I’ve been keeping a list of every movie I watched this year… those I’ve seen before and those I saw for the first time. For each of them, I wrote a very brief reaction. Some are thoughtful, some are irreverent. All are honest. Here’s the list, in sequential order of my viewing: Babel – makes Tokyo and Afghanistan and Mexico seem like another planet Revenant – more movies should be filmed 100% with natural light Winter on Fire – meanwhile in America the Kardashians what?? Big Eyes – the guy in this movie is a huge asshat Moonraker – are they serious? They can’t be serious. I love it The Big Short – Steve Carrell should always play this character Dallas Buyers Club – drugs should be mostly legal The Princess Bride – I have no good excuse for seeing this for the first time in 2016 The Perfect Storm – but I can’t …

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Magic and Loss

Magic and Loss: The Internet as Art by Virginia Heffernan My rating: 3 of 5 stars I decided to read this after hearing the author on the Recode Media podcast and reading some of her shorter pieces in the Times over the years. There’s a lot to think about in Magic & Loss – I enjoyed the lucid language and often insightful commentary. The homage to the death of the telephone was wonderful, and the quick take on ‘science’ writing in the mainstream media was funny – but there were also a share of flimsy moments (did she really just try to summarize a billion photographs on Flickr by talking about the style of two users?) I found myself occasionally waiting for more substantive technical discussion (maybe I’m conditioned to expect it in any writing about the internet) but I guess the ‘internet as art’ premise doesn’t leave room for …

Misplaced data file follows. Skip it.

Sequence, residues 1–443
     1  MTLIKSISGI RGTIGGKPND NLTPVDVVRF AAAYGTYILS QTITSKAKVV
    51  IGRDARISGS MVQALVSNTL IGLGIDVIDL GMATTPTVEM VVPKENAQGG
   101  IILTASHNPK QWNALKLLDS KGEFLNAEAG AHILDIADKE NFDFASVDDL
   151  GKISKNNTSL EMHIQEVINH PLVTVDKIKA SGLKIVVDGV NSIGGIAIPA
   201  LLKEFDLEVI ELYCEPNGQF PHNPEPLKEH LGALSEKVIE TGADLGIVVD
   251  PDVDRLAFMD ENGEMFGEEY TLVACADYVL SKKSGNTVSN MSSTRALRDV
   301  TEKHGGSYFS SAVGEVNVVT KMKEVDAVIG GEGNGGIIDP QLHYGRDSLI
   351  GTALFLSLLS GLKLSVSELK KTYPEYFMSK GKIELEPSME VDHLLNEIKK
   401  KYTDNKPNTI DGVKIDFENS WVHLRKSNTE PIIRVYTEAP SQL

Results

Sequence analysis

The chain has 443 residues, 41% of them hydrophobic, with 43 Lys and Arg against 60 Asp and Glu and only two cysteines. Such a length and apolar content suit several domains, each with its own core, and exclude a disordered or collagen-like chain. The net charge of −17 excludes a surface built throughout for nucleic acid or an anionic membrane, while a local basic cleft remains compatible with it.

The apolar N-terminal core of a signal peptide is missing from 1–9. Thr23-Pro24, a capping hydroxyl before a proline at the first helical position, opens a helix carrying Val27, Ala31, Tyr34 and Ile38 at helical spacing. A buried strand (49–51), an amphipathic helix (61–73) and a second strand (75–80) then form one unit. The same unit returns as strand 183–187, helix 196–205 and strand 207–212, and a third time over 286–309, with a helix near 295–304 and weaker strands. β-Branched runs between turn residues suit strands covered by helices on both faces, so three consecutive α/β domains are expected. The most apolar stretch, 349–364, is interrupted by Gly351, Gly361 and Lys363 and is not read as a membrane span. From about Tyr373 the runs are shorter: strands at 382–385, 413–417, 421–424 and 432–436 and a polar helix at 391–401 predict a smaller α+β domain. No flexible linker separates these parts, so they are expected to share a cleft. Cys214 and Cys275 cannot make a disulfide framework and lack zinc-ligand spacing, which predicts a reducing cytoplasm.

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Weather review ★★★ Tysons, VA

The moon, a bleached white cork, hangs low on the short horizon, plugging the night inside a bottle filled with lightning bolts. In a flash, the heat shatters it – carbureted clouds steamroll in; all the garage doors on the street stand like bare teeth, grit against the interrupted silence, braced by yellow curbs, yellow corners, and dutiful yellow hydrants. ★★★ Three of Five Stars

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Weather review ★★★★ Vienna, VA

★★★★ Four of Five stars The birds are euphoric this morning, carousing like late-night drunks who found the advancing sunrise as a challenge to keep making noise. Beneath their chorus, the bulldog stops cold in his tracks, the day after his first birthday, dumbfounded that a season has changed. His little wrinkled face had been despondent for weeks, completely unaware that the air would ever warm again; now he snorts in Spring’s miracle through a not-frozen nose, happily. Yesterday, high temperatures set historical records across the region. Today the tips of Summer’s sweaty fingers continue prodding early March, as blustery clouds grumpily settle, then artlessly blow away, mumbling about when they might return.